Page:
The Extraordinary Adventures of Adele Blanc-Sec (2010) – Film Review

Has Indy met his match in Adele Blanc-Sec?

The comparisons to Indiana Jones and Amelie have come thick and fast for Luc Besson’s first foray into directing for five years, The Extraordinary Adventures of Adele Blanc-Sec. Whilst Adele Blanc-Sec doesn’t reach either of these lofty expectations, it does carve itself its own little niche, which it trundles along to with a spring in its step and a tongue in its cheek.

Playing as an adaptation of Jacques Tardi’s comic adventure series, Adele Blanc-Sec takes its cues from both ‘Adele et la Bete’ and ‘Momies en Folie’. For the uninitiated, the plot boils down elements from both books and features amongst others, a revived pterodactyl, a whole entourage of polite Egyptian mummies and a freak tennis accident you’re unlikely to see on the courts of Wimbledon this summer.

Keeping the tone firmly set to slapstick, Besson keeps the whole parade going at a brisk pace and, for the most part, these comic (in both senses of the word) adventures are fast, funny and refreshingly light-hearted. The Egyptian mummies, in particular, are a joy to watch, with their mild-mannered politeness and sharp efficiency providing oodles of comic meat for Besson to sink his teeth into. If only the same could be said for Adele Blanc-Sec’s pterodactyl sub-plot, which errs too much on the side of chaotic absurdity, rendering it all a bit juvenile.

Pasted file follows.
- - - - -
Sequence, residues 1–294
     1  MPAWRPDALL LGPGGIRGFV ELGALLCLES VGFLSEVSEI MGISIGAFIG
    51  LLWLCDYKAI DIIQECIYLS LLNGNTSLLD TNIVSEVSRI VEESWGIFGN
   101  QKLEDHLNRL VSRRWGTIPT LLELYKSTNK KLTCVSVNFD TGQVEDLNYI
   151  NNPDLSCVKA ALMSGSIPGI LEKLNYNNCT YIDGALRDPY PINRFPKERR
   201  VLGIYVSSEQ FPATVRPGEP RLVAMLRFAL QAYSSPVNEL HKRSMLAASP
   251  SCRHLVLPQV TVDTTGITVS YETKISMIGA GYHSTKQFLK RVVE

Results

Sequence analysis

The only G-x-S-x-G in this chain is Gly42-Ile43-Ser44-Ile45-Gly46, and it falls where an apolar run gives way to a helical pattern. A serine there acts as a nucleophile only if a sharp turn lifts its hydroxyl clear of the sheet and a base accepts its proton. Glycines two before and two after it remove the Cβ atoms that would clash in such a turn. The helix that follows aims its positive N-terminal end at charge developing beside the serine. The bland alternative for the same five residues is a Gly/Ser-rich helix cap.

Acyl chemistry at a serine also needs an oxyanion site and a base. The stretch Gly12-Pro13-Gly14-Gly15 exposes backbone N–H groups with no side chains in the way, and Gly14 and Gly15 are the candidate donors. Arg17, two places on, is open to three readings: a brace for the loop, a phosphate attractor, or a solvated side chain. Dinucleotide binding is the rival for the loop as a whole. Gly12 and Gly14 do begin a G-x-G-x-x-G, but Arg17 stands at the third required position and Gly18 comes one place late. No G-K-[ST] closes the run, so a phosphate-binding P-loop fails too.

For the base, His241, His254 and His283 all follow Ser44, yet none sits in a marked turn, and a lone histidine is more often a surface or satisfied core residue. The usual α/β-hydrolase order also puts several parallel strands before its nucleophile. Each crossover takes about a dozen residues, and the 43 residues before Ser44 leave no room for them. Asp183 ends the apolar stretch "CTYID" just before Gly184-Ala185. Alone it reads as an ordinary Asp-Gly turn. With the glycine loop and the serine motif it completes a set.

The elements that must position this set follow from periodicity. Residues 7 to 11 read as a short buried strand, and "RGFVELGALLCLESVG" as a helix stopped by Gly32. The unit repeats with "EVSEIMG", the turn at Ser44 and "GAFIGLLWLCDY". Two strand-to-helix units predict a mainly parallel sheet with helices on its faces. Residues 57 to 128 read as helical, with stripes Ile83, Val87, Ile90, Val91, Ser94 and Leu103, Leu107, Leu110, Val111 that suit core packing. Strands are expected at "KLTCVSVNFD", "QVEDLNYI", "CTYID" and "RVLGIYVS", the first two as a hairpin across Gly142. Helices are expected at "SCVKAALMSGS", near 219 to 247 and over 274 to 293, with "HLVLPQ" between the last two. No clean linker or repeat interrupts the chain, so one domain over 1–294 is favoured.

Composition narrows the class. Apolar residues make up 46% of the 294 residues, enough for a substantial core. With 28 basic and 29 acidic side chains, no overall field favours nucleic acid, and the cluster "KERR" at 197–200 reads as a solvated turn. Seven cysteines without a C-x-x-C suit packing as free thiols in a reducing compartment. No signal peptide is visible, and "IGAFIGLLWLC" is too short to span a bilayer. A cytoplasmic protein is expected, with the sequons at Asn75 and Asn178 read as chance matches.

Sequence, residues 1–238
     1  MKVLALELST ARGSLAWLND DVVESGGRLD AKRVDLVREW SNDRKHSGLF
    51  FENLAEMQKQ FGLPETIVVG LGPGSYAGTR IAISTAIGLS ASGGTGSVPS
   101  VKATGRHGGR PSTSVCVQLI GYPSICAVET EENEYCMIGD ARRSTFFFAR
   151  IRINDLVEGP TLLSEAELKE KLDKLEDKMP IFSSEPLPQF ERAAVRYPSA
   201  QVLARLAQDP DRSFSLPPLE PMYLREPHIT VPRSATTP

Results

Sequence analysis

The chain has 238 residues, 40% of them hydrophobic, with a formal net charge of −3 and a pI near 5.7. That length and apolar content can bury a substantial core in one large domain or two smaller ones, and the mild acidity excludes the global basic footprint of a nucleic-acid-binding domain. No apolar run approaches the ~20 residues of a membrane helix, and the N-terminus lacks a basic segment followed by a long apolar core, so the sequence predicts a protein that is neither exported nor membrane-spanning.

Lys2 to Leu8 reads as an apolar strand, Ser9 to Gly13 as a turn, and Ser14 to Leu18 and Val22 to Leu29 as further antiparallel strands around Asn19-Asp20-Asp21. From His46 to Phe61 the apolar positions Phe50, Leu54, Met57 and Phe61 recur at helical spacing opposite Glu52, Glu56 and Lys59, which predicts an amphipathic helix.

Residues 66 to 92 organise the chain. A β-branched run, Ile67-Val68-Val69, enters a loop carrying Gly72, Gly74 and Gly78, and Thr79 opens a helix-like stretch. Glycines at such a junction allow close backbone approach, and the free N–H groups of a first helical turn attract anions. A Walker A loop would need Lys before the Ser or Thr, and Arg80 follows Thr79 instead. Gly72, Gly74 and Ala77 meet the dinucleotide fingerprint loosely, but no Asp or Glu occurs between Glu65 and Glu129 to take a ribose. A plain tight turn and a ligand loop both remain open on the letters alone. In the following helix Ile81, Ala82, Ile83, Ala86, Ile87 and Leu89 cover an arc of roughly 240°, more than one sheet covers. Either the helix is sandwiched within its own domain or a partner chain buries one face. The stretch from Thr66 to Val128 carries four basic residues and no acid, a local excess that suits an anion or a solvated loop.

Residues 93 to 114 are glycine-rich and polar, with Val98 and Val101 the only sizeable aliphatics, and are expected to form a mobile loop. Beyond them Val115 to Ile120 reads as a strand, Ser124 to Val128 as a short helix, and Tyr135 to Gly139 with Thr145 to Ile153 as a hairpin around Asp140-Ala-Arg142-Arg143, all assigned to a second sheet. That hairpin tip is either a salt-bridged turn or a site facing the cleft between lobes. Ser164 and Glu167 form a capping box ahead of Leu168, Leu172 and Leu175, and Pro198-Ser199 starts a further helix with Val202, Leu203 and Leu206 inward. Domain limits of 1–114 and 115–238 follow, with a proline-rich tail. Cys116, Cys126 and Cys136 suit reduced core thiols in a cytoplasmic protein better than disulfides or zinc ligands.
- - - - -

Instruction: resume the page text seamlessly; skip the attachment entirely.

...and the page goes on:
It all balances out though, and with a little more substance to go with its Gallic style, Adele Blanc-Sec could have been something great. As it is, it’s a highly entertaining, strongly directed piece of Saturday afternoon fluff.

Whilst not quite as viscerally exciting as Indy, or as charmingly offbeat as Amelie, Adele is still a welcome change of pace, and something of an unexpected surprise. With a sparky central performance from Louise Bourgoin, an assured lightness of touch from Besson and a winning combination of comedy, fantasy and adventure, Adele Blanc-Sec is a lively and entertaining caper across Paris and Egypt. Indiana Jones in petticoats, if you will.

Best performance: Mostefa Zerguine’s charmingly bonkers Egyptian nuclear physicist and part-time mummy, Setimothep.
Best scene: Hairpin + tennis = ouch.
Watch this if you liked: Night at the Museum, The Mummy, Amelie, Raiders of the Lost Ark.
There are a total of 9 albums in the Adele Blanc-Sec comic cannon by Jacques Tardi.
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